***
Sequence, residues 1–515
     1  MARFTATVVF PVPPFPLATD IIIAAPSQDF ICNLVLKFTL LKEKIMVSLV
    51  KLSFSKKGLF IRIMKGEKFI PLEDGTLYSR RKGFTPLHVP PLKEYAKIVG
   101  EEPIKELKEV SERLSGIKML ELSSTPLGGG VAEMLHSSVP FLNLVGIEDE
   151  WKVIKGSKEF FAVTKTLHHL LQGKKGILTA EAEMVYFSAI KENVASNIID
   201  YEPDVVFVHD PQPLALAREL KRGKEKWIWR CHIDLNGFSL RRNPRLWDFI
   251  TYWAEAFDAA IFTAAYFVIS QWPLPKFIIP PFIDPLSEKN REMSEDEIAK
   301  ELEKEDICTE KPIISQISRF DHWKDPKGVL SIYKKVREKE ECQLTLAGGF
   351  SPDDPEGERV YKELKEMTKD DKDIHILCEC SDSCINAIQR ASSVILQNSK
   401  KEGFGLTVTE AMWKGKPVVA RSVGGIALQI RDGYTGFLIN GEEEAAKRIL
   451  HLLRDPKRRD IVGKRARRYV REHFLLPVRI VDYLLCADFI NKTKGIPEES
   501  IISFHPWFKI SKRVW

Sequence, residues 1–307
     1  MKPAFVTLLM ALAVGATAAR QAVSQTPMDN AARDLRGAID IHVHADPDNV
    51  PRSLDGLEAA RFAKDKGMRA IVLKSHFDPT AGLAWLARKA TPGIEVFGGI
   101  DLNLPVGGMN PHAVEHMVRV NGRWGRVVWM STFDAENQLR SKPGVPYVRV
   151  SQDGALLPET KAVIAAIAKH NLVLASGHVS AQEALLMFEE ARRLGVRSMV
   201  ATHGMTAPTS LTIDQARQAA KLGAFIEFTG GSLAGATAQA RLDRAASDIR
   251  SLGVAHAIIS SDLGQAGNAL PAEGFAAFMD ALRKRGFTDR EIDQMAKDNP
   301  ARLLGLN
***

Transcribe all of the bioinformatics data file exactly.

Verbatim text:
Sequence, residues 1–515
     1  MARFTATVVF PVPPFPLATD IIIAAPSQDF ICNLVLKFTL LKEKIMVSLV
    51  KLSFSKKGLF IRIMKGEKFI PLEDGTLYSR RKGFTPLHVP PLKEYAKIVG
   101  EEPIKELKEV SERLSGIKML ELSSTPLGGG VAEMLHSSVP FLNLVGIEDE
   151  WKVIKGSKEF FAVTKTLHHL LQGKKGILTA EAEMVYFSAI KENVASNIID
   201  YEPDVVFVHD PQPLALAREL KRGKEKWIWR CHIDLNGFSL RRNPRLWDFI
   251  TYWAEAFDAA IFTAAYFVIS QWPLPKFIIP PFIDPLSEKN REMSEDEIAK
   301  ELEKEDICTE KPIISQISRF DHWKDPKGVL SIYKKVREKE ECQLTLAGGF
   351  SPDDPEGERV YKELKEMTKD DKDIHILCEC SDSCINAIQR ASSVILQNSK
   401  KEGFGLTVTE AMWKGKPVVA RSVGGIALQI RDGYTGFLIN GEEEAAKRIL
   451  HLLRDPKRRD IVGKRARRYV REHFLLPVRI VDYLLCADFI NKTKGIPEES
   501  IISFHPWFKI SKRVW

Sequence, residues 1–307
     1  MKPAFVTLLM ALAVGATAAR QAVSQTPMDN AARDLRGAID IHVHADPDNV
    51  PRSLDGLEAA RFAKDKGMRA IVLKSHFDPT AGLAWLARKA TPGIEVFGGI
   101  DLNLPVGGMN PHAVEHMVRV NGRWGRVVWM STFDAENQLR SKPGVPYVRV
   151  SQDGALLPET KAVIAAIAKH NLVLASGHVS AQEALLMFEE ARRLGVRSMV
   201  ATHGMTAPTS LTIDQARQAA KLGAFIEFTG GSLAGATAQA RLDRAASDIR
   251  SLGVAHAIIS SDLGQAGNAL PAEGFAAFMD ALRKRGFTDR EIDQMAKDNP
   301  ARLLGLN